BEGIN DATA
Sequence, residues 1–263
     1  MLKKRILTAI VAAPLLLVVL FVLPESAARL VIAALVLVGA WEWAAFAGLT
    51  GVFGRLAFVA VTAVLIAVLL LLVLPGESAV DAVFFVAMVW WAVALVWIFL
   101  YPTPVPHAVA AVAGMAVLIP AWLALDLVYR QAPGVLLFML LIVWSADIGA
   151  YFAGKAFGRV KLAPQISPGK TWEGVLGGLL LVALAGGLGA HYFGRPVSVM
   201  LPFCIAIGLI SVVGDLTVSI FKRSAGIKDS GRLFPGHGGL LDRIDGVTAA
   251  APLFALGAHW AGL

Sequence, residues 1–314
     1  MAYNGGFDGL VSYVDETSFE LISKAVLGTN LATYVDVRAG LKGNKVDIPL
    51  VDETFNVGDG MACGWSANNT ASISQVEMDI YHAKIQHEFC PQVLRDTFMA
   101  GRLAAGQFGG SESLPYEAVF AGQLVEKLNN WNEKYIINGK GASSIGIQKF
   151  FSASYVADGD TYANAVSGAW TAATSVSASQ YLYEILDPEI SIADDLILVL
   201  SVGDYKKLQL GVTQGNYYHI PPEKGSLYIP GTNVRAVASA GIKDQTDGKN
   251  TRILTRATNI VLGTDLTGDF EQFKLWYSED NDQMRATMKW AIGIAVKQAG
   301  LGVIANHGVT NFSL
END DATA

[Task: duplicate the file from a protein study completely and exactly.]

Sequence, residues 1–263
     1  MLKKRILTAI VAAPLLLVVL FVLPESAARL VIAALVLVGA WEWAAFAGLT
    51  GVFGRLAFVA VTAVLIAVLL LLVLPGESAV DAVFFVAMVW WAVALVWIFL
   101  YPTPVPHAVA AVAGMAVLIP AWLALDLVYR QAPGVLLFML LIVWSADIGA
   151  YFAGKAFGRV KLAPQISPGK TWEGVLGGLL LVALAGGLGA HYFGRPVSVM
   201  LPFCIAIGLI SVVGDLTVSI FKRSAGIKDS GRLFPGHGGL LDRIDGVTAA
   251  APLFALGAHW AGL

Sequence, residues 1–314
     1  MAYNGGFDGL VSYVDETSFE LISKAVLGTN LATYVDVRAG LKGNKVDIPL
    51  VDETFNVGDG MACGWSANNT ASISQVEMDI YHAKIQHEFC PQVLRDTFMA
   101  GRLAAGQFGG SESLPYEAVF AGQLVEKLNN WNEKYIINGK GASSIGIQKF
   151  FSASYVADGD TYANAVSGAW TAATSVSASQ YLYEILDPEI SIADDLILVL
   201  SVGDYKKLQL GVTQGNYYHI PPEKGSLYIP GTNVRAVASA GIKDQTDGKN
   251  TRILTRATNI VLGTDLTGDF EQFKLWYSED NDQMRATMKW AIGIAVKQAG
   301  LGVIANHGVT NFSL